# Show that if $c\neq1$, the equation $\frac{x}{x-a} + \frac{x}{x-b} = 1+c$ has exactly one real solution if $c^2 = - \frac {4ab}{(a-b)^2}$.

Show that if $c\neq1$, the equation $$\frac{x}{x-a} + \frac{x}{x-b} = 1+c$$ has exactly one real solution if $$c^2 = - \frac {4ab}{(a-b)^2}$$.

I know that a quadratic of the form $ax^2 +bx +c$ has only one real solution if $\sqrt{b^2-4ac} =0$, but I am not sure how to use this to solve the problem that has been set. I have also tried adding the two fractions and rearranging the result, but I have been unable to get anything resembling $ax^2 +bx +c$ .

• Just a minor correction: when $\Delta = 0$ the equation does not have one solution, but two equal ones. You can verify that on, for example, $x^2 - 2x + 1 = 0$. You can verify that the solutions are $x_{1, 2} = 1$ through polynomial division. Feb 15 '15 at 12:24

If you multiply both sides by $(x-a)(x-b)$, you get

$$x(x-b)+x(x-a)=(1+c)(x-a)(x-b),$$

or $2x^2-(a+b)x=(1+c)(x^2)-(1+c)(a+b)x+(1+c)ab$, or

$(1-c)x^2+c(a+b)x-(1+c)ab=0$. This means that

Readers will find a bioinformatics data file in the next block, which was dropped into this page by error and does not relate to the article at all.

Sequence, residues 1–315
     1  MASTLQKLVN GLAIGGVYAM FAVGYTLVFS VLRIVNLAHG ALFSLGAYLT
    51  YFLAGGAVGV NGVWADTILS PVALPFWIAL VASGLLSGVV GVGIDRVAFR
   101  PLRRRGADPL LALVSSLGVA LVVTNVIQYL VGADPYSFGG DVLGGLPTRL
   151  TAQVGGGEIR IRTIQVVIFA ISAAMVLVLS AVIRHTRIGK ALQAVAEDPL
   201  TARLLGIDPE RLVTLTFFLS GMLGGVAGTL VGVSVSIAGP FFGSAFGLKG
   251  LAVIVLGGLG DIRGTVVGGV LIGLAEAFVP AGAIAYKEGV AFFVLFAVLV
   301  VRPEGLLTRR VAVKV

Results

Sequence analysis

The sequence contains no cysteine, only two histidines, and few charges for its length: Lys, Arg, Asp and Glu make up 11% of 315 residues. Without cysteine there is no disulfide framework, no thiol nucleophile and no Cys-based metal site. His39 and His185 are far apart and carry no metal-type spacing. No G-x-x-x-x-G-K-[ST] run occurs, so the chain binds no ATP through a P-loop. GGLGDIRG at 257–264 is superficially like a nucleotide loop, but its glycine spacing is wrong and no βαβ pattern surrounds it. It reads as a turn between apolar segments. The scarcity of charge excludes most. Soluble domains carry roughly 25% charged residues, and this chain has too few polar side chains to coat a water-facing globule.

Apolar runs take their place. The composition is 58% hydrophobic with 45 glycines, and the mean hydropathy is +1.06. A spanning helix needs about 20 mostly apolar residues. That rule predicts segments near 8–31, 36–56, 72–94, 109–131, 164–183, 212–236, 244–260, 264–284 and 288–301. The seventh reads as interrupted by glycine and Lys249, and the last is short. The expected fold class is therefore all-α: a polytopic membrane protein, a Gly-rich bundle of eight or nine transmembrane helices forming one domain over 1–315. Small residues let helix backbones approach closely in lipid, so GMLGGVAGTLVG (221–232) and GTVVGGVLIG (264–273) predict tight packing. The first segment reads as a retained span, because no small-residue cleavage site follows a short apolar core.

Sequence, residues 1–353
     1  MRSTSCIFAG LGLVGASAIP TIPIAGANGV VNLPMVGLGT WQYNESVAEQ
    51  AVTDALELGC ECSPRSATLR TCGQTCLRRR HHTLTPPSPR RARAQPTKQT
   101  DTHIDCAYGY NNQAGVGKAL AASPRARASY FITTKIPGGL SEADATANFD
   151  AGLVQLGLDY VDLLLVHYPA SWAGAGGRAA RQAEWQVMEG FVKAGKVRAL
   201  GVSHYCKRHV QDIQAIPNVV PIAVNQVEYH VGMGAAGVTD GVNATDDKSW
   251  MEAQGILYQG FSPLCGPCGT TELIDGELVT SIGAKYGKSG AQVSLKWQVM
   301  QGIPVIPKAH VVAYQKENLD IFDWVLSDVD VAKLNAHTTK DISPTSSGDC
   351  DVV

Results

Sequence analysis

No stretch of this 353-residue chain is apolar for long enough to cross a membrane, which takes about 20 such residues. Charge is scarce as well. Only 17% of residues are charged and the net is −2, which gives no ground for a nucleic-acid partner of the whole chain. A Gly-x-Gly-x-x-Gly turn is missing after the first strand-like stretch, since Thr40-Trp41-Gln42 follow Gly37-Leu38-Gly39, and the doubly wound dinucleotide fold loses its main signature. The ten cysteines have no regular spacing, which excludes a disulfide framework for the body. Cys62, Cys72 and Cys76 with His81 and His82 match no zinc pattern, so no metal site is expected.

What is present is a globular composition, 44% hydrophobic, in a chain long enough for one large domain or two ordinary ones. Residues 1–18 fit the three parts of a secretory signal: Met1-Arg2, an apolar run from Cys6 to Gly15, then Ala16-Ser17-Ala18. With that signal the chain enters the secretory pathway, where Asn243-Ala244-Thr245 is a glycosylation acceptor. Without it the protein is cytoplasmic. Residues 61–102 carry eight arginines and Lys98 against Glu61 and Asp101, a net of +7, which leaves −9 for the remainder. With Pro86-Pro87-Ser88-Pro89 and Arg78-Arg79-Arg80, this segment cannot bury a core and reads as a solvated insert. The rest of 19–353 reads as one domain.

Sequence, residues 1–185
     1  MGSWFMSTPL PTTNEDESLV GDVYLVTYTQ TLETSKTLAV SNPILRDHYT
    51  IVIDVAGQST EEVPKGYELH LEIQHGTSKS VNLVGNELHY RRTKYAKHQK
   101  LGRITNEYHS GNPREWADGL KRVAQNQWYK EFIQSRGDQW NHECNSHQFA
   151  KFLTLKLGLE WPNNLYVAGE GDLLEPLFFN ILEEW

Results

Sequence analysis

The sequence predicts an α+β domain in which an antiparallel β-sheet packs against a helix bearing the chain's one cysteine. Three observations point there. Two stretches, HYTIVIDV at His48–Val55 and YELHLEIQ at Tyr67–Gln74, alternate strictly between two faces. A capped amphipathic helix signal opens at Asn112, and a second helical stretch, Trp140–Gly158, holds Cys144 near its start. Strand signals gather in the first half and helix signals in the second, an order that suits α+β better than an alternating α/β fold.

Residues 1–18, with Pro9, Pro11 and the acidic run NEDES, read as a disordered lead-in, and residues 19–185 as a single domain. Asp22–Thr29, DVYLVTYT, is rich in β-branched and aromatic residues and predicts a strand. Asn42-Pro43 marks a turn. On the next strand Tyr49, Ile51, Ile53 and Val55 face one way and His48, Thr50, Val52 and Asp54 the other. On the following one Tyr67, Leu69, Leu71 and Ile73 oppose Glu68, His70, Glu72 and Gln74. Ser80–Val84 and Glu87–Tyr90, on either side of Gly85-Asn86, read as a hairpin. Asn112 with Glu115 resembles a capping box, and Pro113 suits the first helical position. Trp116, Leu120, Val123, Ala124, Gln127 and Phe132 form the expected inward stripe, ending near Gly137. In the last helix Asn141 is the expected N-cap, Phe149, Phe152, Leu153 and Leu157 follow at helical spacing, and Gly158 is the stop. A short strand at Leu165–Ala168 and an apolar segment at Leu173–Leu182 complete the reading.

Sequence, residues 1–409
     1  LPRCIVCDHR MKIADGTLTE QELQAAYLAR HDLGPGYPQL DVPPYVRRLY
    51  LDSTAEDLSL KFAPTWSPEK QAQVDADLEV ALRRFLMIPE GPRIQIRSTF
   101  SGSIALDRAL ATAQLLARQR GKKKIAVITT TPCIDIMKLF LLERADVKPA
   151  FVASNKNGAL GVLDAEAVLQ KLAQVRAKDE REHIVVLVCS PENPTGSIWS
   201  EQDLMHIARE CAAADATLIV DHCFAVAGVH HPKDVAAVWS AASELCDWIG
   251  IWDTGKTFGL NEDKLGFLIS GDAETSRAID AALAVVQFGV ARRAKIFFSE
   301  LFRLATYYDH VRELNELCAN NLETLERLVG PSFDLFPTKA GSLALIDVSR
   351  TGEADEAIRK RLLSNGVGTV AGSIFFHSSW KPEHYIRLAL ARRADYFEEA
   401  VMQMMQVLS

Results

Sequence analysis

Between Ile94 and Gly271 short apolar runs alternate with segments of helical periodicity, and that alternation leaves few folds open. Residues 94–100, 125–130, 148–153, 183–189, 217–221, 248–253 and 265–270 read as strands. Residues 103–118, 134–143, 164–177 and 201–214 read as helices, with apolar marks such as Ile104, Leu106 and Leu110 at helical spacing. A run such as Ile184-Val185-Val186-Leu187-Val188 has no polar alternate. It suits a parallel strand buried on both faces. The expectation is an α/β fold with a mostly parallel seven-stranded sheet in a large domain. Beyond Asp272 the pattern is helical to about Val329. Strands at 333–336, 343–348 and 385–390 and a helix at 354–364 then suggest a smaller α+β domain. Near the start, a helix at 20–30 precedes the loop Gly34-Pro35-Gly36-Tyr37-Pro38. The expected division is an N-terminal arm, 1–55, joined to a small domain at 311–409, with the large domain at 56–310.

$$Ax^2+Bx+C=0,$$

where

$$A=1-c,B=c(a+b), C=-(1+c)ab.$$

This has exactly one real solution iff $B^2-4AC =0\ldots$ You should be able to continue from here.

• wasn't $(1+c)(x^2) - 2(x^2) = (1+c-2)(x^2) = (c-1) (x^2)$ ? Feb 18 '15 at 8:30
• @user2324360 no, my computations are correct. Note that I switched the LHS and RHS Feb 18 '15 at 15:00

A first attempt might be to write $\frac{x}{x-a}=\frac{x-a}{x-a}+\frac{a}{x-a}=1+\frac{a}{x-a}$ and so the equation is equivalent to $\frac{a}{x-a}+\frac{b}{x-b}=c-1$. Now, you can multiply both sides with $(x-a)(x-b)$ and simplify to get the usual quadratic form.

Since $x \neq a$ and $x \neq b$ you can multiply both sides of the equation by $(x - a)(x - b)$ arriving, after a bit of basic algebra, to $$(1 - c)x^2 + c(a + b)x - ab(1 + c) = 0$$

Setting the condition $\Delta = 0$ will yield the desired result.